Why it’s Vital to Not Only Have the Knowledge But to Put Those Skills to Use

learning curve

Experiential learning puts the “meat” behind what you absorb from books.

Here is what you need to know about why and how to handle that reality!

Book Knowledge (Conventional Training)

Conventional training (here’s a book, go read it – or lectures) is based on knowledge transfer which assumes what the individual needs to learn and how the student learns best. The focus is on the needs of the educational system, i.e. – passing high-stakes tests, school rankings, etc. – and not the individual’s interest or learning style.

Book knowledge is entertaining but not very useful until it’s applied through hands-on experimentation in context to the real-world. Conventional training is about memorizing facts. Experiential learning consists of applied knowledge acquired from doing. The urgency of doing is real.

Experiential Learning

The cornerstone of learning for me is my experience. Your experience will be different from mine. Where we go astray is trying to mimic what another “successful” person has achieved.

By doing what they do, dressing like them, copying their “keys to success”, to the point of hero-worship, we lose our unique self and temperament. Other people’s ideas, even my own ideas, will never be as authoritative as my experience.

Experiential Self-Reliance

A.) Planning

Quit it. This may come as a shock to OCD minds, but by the time you’ve got every detail planned out on how to do stuff you’ve just wasted a lot of valuable time. You really don’t need a 31 step plan like the experts say.

Procrastination often cross-dresses in plan’s clothes. Just start and make adjustments as you move forward. Taking action has a way of bringing a plan together. The perfect plan does not exist. Stop wasting time on the sofa.

B) Failing

Do it fast. You can’t plan for all the mistakes. Since I know I’m going to fail, I want to fail fast. The quicker I flop, the faster I can make adjustments and shorten my learning curve.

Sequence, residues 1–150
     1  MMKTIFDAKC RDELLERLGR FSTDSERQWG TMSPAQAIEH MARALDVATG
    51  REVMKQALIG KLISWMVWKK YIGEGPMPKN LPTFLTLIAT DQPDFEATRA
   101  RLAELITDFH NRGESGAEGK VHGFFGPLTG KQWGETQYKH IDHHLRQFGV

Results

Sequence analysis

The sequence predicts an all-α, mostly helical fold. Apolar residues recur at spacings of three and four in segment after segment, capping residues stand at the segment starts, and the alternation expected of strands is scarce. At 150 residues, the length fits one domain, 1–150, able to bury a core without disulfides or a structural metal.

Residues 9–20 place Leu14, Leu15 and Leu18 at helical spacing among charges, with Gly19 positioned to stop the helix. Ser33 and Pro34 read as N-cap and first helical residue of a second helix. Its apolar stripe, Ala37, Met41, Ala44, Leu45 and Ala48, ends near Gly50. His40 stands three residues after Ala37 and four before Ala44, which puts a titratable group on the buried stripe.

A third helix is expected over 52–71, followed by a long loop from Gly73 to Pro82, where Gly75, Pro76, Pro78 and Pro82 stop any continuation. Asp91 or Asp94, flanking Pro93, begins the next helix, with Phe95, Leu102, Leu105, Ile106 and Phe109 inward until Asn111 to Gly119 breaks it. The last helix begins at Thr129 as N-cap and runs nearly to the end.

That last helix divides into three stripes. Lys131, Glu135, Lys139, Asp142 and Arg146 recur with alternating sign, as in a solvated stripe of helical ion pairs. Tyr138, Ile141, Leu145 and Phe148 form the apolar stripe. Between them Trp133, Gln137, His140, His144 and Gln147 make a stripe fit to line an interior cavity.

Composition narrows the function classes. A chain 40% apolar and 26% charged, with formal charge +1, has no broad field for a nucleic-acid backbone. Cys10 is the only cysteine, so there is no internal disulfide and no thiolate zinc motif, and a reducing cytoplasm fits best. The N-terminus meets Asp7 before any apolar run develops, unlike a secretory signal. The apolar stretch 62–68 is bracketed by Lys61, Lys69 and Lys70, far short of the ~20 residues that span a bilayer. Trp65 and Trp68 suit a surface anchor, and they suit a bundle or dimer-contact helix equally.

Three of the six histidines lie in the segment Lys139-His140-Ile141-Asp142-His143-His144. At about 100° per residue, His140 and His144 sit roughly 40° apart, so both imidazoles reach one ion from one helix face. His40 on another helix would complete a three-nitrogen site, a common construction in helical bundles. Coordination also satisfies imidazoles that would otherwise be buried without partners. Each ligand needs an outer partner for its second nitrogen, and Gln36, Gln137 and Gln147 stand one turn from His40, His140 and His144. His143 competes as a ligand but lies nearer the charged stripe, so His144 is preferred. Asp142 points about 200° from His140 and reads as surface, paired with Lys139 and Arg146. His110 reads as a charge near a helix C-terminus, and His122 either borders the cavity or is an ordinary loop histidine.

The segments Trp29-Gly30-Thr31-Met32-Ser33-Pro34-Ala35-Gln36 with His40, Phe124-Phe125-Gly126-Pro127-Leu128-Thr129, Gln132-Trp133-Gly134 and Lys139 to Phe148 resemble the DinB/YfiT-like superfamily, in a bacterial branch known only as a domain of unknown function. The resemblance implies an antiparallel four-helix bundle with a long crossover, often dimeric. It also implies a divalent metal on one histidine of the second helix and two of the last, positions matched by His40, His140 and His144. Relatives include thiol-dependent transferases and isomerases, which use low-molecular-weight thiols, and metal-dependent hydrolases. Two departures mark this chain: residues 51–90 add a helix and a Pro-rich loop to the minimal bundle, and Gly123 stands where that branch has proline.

C.) Beginning

Here’s the thing about beginning. It has power to overcome fear and doubt. When we start, providence moves us a step closer to what we were created to do. The benefits of bold beginnings are often invisible. Most people give up before reaping their rewards.

D.) Doing the Work

Self-reliance is a byproduct of the Work. Reading about it is not the Work. It’s physical, dirty, sweaty, smelly, and satisfying. It comes dressed in overalls with a hoe in its hand.

I’ve had the privilege of learning skills from very talented people. How did they reach such high skill level? To put it simply, they isolated themselves with their Work. True artisans spend thousands of hours alone hammering, chopping, baking, writing, carving, experimenting, failing, reflecting, and acting again on an idea.

A famous Civil War General once remarked that battle plans were flawless and led to sure victory, until the actual shooting started. Another General who was very successful but not a Graduate from West Point stated that “all tactical training is useless fantasy unless tempered with the experience of the field.”

The same applies to learning survival skills; you will not be able to perform the skills you need to unless you practice until you have mastered them.

To learn more about using both academic and experiential learning to improve your survival skills, please check out Survival Sherpa.